Panamagate's hearing resumed in Supreme Court, today. The five member bench delved into the matter regarding the steps that had been taken by NAB and FBR following the matter which surfaced in the previous year.

FBR Chairman Muhammad Irshad told the court that notices were issued to 343 individuals following the Panama Papers leaks. Irshad informed the court that Prime Minister Nawaz Sharif's sons Hasan and Hussain Nawaz as well as his daughter Maryam had responded to the notices issued to them by the bureau in November 2016.

"The owners of 39 companies are not Pakistani residents and 59 people denied ownership of offshore companies," said the chairman as he elaborated on the responses of the premier's children, the chairman told the court that Maryam had denied having property abroad and being the owner of any off-shore company.

During the previous proceedings, Advocate Salman Akram Raja, representing Hasan and Hussain Nawaz, informed the court that London flats had rested with Maryam for six months — between February and July 2006. In that period, Raja told the court, a trust deed was executed between Maryam and Hussain in February 2006, following which she acted as a trustee for her brother.

The court inquired whether her response mentioned that she was the trustee of four flats located in London's upscale Park Lane neighbourhood. The chairman responded that she did not.

Irshad further told the court that in a response submitted to the FBR, Hussain Nawaz had stated that he had resided in Saudi Arabia since 2000.

Responding to which, Justice Gulzar angrily asked the chairman if he had closed Hussain's file after the premier's son submitted his response.  Justice Khosa, who presides over the bench, asked  "What steps did you take after receiving the responses?" Similar responses were accounted from the other judges when the chairman's responded that the FBR was "verifying all the information provided by the respondents".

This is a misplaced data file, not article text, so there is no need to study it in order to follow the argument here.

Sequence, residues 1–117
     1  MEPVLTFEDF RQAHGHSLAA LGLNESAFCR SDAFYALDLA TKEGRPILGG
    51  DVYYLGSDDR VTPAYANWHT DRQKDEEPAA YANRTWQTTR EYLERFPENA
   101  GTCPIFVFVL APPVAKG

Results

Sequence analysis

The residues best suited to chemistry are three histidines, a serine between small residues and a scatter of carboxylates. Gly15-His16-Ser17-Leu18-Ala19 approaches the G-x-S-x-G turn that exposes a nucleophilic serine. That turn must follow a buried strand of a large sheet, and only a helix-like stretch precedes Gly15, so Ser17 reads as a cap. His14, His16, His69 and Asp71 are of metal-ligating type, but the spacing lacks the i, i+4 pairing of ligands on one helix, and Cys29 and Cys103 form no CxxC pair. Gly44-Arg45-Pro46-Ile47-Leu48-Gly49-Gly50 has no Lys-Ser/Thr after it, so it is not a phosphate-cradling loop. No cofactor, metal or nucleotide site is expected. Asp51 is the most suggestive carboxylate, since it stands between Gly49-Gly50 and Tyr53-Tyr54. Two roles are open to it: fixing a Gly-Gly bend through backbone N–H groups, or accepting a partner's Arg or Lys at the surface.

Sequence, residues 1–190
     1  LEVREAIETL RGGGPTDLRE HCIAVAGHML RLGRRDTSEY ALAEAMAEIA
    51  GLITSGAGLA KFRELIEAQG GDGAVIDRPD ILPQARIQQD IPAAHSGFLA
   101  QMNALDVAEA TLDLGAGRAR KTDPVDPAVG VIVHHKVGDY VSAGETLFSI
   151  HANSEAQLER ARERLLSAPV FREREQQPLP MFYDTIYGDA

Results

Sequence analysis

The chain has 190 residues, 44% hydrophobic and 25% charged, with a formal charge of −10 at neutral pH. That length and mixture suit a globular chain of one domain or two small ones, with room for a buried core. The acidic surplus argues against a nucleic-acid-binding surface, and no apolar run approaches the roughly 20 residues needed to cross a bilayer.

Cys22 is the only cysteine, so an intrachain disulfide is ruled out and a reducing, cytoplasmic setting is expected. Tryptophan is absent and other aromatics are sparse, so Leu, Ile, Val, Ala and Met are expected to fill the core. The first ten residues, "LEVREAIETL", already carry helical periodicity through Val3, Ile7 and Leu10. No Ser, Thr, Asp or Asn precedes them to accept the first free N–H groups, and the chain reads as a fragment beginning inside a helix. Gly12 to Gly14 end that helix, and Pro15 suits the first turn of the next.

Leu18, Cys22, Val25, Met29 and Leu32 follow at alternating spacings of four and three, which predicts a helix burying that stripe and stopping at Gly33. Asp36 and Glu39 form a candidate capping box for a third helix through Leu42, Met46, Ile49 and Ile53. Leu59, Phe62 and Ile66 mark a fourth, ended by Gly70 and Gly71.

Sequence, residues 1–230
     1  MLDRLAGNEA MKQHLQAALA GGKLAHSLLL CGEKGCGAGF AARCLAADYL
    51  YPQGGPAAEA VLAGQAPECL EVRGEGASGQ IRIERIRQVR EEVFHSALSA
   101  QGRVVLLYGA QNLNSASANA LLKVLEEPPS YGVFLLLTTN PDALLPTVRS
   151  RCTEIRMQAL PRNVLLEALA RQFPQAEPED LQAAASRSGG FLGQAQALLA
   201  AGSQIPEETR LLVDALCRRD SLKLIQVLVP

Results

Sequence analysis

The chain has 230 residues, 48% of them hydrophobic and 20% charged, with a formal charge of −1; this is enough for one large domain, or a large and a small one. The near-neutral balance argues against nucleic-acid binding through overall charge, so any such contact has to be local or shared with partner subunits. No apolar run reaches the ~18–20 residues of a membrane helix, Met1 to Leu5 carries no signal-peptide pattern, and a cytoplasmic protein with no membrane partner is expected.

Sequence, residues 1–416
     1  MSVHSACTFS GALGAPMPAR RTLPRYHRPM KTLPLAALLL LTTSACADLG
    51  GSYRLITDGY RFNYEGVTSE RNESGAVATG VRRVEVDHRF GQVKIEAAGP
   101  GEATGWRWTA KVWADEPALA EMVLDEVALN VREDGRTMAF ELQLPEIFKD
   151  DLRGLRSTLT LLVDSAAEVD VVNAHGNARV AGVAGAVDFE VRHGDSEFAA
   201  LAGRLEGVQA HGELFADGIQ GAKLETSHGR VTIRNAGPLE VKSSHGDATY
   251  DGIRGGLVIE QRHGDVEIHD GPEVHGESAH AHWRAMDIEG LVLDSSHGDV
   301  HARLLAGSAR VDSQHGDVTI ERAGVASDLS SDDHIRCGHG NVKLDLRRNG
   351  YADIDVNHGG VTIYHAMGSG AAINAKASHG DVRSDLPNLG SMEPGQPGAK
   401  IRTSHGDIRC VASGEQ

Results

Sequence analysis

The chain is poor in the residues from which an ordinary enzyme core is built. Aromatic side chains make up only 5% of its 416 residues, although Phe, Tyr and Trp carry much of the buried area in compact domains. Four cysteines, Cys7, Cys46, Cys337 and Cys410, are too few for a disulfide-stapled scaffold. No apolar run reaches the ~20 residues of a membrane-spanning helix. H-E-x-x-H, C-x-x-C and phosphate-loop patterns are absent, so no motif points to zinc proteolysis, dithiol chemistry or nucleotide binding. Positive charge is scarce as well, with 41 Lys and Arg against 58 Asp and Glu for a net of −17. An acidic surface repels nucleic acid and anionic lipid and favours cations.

"It seems that you may need 30 years to verify those documents," Justice Gulzar remarked. Further, Justice Saeed said  "You have wasted a year doing a task that should have taken hours."

The bench was also disappointed by NAB's position in the court.  "It is saddening to hear NAB's position," said Justice Gulzar.

"NAB's position has remained that Panama [Papers case] does not come within its jurisdiction. Is this NAB's position that because no regulator approached them, investigations were not undertaken against off-shore companies?" Justice Saeed asked after Chaudhry explained that the bureau start investigative action when it is approached by a regulator.

NAB Chairman, Qamar Zaman Chaudhry, said the bureau "is aware of its responsibilities."

"Laws concerning the NAB give it the authority to undertake investigations," Justice Khosa told the chairman.

"If NAB does not have the authority to investigate, who does?" Justice Ijazul Hassan asked rhetorically.

When Justice Khosa inquired about NAB's actions regarding bank accounts and monetary transactions, the chairman sought to assure the court that "investigations will be undertaken".

"NAB should act as the country's regulator," Justice Gulzar said.

Though, the FBR counsel then accepted before the court that no such immediate steps were taken as he argued in order to defend his position that separate laws and institutions are available for money laundering cases. Justice Gulzar replied in iresome manner that "So in other words, what you are saying is that the FBR did not take any steps regarding money laundering."